First the disclaimer. What follows is for informational purposes only. Nothing should be construed as dental advice. Without a proper diagnosis by a qualified dentist, appropriate treatment cannot be recommended. If you find yourself in the midst of a dental emergency/urgency, seek care from a qualified dentist as soon as possible. If you read this and then think you are an expert, you are the author of your own demise and it’s not my fault.
No one wants to think about dental emergencies when “out and about” but emergencies happen nonetheless. There are many possible scenarios that qualify as dental emergencies, and unfortunately, there are some things that just simply can’t be properly treated in the field. There are other occurences, however, that do lend themselves to “ditch dentistry” to hold you together until you get back to a dentist.
Prevention is easier – “Going For The Gold”:
I have accepted the fact that no one likes to go to the dentist, I don’t even like to go to the dentist. When working/living/traveling in hot zones, the open ocean, jungles, or other far away places, however, it is far better to have definitive dentistry completed prior going to your gig. The last thing you want to deal with is a dental problem especially a dental problem that could have been prevented.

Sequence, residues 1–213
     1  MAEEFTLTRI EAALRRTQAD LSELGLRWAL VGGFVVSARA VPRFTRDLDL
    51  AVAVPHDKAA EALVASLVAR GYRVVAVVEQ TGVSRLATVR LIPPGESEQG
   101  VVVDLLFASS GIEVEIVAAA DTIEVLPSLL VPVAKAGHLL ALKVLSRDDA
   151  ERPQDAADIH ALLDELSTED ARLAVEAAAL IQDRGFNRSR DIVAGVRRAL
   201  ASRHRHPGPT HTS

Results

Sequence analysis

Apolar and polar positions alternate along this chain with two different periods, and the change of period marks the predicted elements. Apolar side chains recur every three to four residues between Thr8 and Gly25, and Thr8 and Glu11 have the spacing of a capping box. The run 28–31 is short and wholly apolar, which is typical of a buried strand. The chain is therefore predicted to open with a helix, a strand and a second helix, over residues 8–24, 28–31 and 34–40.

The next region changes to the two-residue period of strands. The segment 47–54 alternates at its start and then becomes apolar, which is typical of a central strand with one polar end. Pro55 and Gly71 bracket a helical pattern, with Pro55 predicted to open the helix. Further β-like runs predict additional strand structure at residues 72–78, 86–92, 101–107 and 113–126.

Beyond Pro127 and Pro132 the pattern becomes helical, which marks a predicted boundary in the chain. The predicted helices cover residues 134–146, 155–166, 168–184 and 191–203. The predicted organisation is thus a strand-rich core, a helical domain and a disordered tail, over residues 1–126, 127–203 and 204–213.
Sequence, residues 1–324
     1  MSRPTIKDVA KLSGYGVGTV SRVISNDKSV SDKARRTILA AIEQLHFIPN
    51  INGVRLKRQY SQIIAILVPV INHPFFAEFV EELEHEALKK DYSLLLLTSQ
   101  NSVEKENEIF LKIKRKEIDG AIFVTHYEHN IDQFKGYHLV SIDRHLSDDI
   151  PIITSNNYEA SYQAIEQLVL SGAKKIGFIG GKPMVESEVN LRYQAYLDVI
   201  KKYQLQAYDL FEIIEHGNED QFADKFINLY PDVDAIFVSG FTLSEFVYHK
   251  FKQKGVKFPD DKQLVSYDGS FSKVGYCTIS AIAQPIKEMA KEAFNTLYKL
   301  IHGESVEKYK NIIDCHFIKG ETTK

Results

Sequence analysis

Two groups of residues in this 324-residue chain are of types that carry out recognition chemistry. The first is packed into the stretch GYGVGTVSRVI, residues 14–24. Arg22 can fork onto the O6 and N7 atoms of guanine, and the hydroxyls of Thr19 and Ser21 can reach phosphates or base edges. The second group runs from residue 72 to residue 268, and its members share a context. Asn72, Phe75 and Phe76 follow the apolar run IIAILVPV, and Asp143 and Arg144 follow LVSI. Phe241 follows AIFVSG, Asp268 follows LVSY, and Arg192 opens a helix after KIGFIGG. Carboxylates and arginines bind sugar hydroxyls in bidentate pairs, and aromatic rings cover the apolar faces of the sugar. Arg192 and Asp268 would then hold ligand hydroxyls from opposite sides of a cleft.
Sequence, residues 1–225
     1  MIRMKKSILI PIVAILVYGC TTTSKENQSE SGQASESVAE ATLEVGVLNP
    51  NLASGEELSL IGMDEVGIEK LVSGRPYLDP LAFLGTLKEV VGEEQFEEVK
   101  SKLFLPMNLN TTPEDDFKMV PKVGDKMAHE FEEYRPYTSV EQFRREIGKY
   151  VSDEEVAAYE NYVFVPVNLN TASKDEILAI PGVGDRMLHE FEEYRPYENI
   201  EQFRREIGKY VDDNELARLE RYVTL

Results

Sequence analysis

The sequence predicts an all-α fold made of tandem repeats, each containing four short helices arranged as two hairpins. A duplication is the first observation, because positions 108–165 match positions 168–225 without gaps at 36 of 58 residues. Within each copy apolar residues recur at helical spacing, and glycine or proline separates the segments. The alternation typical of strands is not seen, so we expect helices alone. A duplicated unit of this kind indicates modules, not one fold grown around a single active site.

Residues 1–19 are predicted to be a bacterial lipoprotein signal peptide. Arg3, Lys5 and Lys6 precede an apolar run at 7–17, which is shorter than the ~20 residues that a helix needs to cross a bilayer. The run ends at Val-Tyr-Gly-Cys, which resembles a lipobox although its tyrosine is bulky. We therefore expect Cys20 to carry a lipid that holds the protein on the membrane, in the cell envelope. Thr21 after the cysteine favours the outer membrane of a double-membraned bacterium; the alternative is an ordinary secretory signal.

Definitive dentistry does not necessarily mean that you don’t have any new cavities and you’ve had your teeth cleaned. Definitive dentistry means utilizing crowns, inlays, onlays, bridges, etc. to treat the teeth as comprehensively as possible to get the longest lifespan possible out of the teeth and the restorations. This treatment is more expensive and more extensive than simple fillings, but if it is done properly, it will be worth the investment.
A lot of people have asked me over the years; “Hey doc, how do I, an average Joe, become a high speed medic much like yourself?” After I stop blushing, I tell them, “It’s really pretty easy, there are basically two ways. The first is the civilian route and the second is the military route.”
Let’s talk about the civilian route first. This is how I initially got involved with pre-hospital Para-medicine way back in 1986. First off, a little background, there’s an organization called the (NREMT) National Registry of Emergency Medical Technicians (www.nremt.org) that has, in conjunction with the Department of Transportation, set national standards for emergency medical responders.